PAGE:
Santa, Baby! The World’s Koolest Kris Kringle Korners

December 21, 2009 at 5:08 pm | Posted in Europe, Finland, Massachusetts, New York State, Ontario, Vermont | Leave a comment
Tags: , , , , , , , , , , , , , , , , , , , , , ,

by José Balido

In the spirit of the season, for all you moms and dads out there here’s a quick international round-up of several key theme parks built specifically around that jolly old elf and his crew. There are of course countless towns and cities (not to mention shopping malls) in various countries that toss up a little “Santa’s Village” for the kids during the Yuletide holidays, but these four in North America and one in Europe are dedicated theme parks that do their thing sometimes in winter, sometimes summer, occasionally both. Need I say that they tend to appeal more to families with smaller tykes?

Santa Claus’ Village in Rovaniemi, Finland
In operation since 1985 above the Arctic Circle in Finnish Lappland — which is, after all, about as close to the real deal as you can reasonably get, complete with real reindeer —  this is the only one of the bunch open year-round (you fly up from Helsinki,). So what’s up here? Exhibits of Finnish and international Christmas traditions (plus stuff like crystal, coins and gemstones);  a snowmobile park;  an elf-infested post office for mailing letters to you-know-who;  sundry shops; a couple of eateries; sleigh rides; an ice bar (for mom and dad, of course) — and of course visits with Joulupukki (Santa) himself in his office and toy factory.

Santa’s Land in Vermont, USA
In the south Vermont town of Putney (just north of Brattleboro),  the ho-ho-ho’s get rolling on Memorial Day weekend in late May at this cute little spread — more than a half-century old but reasonably well-refreshed — offering  arcade games, shops (including, of course, plenty of candy), ” rides n slides,” and a petting zoo (whoa, check out Bill the camel!). In fall and winter hours switch to weekends only till December 20.

Santa’s Village in New Hampshire, USA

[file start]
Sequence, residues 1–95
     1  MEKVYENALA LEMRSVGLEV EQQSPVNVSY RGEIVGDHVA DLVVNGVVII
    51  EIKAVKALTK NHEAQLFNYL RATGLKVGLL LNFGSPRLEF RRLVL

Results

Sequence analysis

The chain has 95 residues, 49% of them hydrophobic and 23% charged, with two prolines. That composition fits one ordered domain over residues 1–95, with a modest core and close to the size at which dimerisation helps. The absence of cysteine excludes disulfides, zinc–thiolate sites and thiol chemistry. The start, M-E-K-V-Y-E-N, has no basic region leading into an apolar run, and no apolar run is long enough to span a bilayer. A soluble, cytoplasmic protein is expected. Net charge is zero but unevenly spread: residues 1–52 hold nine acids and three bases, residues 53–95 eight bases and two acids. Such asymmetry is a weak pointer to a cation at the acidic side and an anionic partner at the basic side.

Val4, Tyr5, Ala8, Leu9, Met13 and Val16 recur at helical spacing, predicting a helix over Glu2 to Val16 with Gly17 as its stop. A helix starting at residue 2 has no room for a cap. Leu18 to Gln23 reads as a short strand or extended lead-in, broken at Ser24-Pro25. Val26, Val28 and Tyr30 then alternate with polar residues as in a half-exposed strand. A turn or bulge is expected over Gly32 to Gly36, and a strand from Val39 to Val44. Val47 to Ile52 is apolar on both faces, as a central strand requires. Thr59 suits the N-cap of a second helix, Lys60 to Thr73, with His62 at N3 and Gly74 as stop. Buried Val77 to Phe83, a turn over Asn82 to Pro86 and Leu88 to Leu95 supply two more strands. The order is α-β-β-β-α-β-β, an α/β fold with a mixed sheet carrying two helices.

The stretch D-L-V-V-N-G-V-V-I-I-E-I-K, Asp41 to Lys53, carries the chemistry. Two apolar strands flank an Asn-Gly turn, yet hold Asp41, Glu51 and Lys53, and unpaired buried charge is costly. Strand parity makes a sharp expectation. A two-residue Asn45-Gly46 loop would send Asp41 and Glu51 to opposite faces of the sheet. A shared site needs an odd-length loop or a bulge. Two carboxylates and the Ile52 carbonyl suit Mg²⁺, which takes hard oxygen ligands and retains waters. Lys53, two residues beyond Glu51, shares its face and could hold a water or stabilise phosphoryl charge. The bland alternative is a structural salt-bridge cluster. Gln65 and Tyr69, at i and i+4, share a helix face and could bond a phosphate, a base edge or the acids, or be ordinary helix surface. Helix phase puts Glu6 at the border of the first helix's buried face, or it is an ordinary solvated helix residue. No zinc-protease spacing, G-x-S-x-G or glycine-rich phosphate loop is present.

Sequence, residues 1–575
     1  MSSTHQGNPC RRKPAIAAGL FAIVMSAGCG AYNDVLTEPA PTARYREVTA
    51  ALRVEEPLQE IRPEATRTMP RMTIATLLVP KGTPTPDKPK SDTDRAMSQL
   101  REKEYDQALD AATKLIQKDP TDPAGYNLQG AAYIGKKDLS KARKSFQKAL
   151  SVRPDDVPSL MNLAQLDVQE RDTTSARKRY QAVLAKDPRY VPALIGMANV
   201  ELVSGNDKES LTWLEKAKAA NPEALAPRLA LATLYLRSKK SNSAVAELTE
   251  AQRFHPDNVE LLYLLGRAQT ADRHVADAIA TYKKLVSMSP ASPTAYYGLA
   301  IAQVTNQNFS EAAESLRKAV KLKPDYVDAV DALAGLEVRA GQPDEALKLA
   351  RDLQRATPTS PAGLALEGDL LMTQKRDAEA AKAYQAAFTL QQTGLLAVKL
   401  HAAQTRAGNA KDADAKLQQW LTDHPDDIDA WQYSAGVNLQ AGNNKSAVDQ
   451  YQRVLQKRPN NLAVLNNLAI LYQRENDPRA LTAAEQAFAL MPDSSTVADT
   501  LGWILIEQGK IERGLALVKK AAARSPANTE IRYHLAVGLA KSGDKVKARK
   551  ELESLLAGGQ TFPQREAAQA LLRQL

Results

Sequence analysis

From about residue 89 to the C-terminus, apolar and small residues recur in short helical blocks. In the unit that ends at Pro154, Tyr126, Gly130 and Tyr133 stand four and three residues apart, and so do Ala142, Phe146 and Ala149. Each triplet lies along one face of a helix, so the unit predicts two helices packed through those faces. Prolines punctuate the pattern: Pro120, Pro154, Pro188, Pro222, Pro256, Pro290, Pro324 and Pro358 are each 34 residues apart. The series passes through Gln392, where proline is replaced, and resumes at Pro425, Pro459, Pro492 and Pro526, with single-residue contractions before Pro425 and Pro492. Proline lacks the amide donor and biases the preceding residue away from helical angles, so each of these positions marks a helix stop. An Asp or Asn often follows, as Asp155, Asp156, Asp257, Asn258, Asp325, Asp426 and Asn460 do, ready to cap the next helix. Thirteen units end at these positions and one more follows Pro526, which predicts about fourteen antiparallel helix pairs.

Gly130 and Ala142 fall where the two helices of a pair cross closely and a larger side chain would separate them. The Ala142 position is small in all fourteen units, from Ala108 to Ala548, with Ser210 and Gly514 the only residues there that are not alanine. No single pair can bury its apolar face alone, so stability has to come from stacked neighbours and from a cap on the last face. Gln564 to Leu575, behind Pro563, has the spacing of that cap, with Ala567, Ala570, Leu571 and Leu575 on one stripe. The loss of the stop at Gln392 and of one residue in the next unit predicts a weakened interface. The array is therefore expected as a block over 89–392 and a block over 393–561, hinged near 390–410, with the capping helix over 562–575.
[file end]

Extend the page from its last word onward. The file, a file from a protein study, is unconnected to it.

Yup, we’re in New England again — this time in the White Mountain town of Jefferson, in the southwestern corner of the Granite State. This one has a schedule similar to Vermont’s version but is a little more elaborate (and costs a bit more, too), with real reindeer, antique cars, a movie theater, some fairly elaborate rides (flume, ferris wheel); and several places to eat and shop.

Santa’s Village in Ontario, Canada
Located in the Muskoka River town of Bracebridge, about 2 1/2 hours north of Toronto, this amusement park bills itself as “Santa’s summer retreat,” with a shorter season than the ones above, open late June through mid-September  (though in December — this year it was the 19th — they have an “open house” complete with story time with dear old Mrs. Claus). Anyway,  attractions/amenities include a petting zoo (no reindeer, but “fallow deer” that can look a little like ’em if you squint); rides; a mini-water park; go-carts; mini-golf; laser tag; and a campground.

Santa’s Workshop in New York State, USA
The Hudson Valley’s fetching Adirondack Mountains — and specifically the slopes of Whiteface Mountain — is home to what calls itself the “forerunner of present-day theme parks in the United States” — marking its big 6-0 this year.  Top features besides a modest roster of rides include a live Nativity re-enactment, other shows put on by a costumed cast of characters called the Mother Goose Guild. storytelling, and “Tannenbaum the Talking Christmas Tree.” And shops — but of course!

Beyond Santa Fe, New Mexico’s Towns Rock

November 30, 2009 at 9:50 am | Posted in New Mexico | 1 Comment